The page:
Congress questions no-bid Iraq reconstruction contracts

Members of Congress pressed Thursday for a public explanation of why Iraq reconstruction contracts were awarded by federal agencies without full competition, the Associated Press reported.

Language inserted in defense spending bills pending in both houses would require the government to explain limited bidding-or contracts awarded without competition-by publishing a justification in either the Federal Register or the Commerce Business Daily.

Sen. Ron Wyden, D-Ore., chief sponsor of the Senate language, said, "By insisting on sunshine in this contracting process, the Senate has done the right thing by every American taxpayer. In these tough economic times, the government simply can't continue to award billion-dollar contracts behind a veil of secrecy, with no accountability to the public."

The language inserted by some lawmakers was prompted by policies of the Agency for International Development and the Army Corps of Engineers. AID has allowed only a small number of invited firms to bid for rebuilding work in Iraq and awarded the main contract to Bechtel National, part of the Bechtel Corp., which has had several prominent Republicans as top executives.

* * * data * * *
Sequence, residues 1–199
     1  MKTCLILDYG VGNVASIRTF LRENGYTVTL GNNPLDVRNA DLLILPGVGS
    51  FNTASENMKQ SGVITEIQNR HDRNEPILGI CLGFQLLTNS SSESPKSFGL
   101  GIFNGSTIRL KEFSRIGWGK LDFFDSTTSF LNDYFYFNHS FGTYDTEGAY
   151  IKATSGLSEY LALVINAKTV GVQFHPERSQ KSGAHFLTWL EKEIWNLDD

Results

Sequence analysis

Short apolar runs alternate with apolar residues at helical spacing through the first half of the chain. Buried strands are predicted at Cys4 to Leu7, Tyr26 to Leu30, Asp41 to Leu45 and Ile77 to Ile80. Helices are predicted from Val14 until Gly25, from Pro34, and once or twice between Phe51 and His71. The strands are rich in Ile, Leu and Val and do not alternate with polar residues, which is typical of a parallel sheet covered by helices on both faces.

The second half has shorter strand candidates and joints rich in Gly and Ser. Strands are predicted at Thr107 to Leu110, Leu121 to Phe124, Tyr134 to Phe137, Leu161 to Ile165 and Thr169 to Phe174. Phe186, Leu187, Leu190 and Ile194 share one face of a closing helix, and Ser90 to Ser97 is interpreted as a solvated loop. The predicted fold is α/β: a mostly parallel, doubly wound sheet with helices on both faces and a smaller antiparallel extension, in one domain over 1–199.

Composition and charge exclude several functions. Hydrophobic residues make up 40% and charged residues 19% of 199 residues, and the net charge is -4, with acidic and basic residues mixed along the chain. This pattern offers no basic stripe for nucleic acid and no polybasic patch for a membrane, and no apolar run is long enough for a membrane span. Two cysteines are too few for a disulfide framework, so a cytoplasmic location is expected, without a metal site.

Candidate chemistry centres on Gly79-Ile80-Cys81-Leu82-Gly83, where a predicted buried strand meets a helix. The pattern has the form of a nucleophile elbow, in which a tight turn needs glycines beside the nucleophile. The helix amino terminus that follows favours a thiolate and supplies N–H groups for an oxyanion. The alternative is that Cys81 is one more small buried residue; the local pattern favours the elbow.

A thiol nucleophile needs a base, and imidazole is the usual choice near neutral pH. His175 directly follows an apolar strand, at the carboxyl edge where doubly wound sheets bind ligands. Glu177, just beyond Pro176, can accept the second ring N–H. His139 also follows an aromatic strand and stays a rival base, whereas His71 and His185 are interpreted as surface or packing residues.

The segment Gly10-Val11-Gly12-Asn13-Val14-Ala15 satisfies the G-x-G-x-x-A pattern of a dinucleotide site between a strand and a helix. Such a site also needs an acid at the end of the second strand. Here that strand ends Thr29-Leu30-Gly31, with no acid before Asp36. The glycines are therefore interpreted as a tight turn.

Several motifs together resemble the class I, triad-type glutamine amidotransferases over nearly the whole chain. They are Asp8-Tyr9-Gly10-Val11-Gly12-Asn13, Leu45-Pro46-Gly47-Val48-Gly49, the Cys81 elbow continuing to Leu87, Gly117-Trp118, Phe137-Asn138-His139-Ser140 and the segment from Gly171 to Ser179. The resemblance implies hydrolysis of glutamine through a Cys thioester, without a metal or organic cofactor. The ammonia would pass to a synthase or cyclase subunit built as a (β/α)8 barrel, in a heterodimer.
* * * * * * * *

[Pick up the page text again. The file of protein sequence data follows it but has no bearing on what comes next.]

The Corps acted without competition to give the KBR subsidiary of Halliburton, formerly run by Vice President Dick Cheney, a contract to revive Iraq's oil industry.

The legislation would require the government to justify how federal officials identified contractors invited to bid and how they solicited offers.

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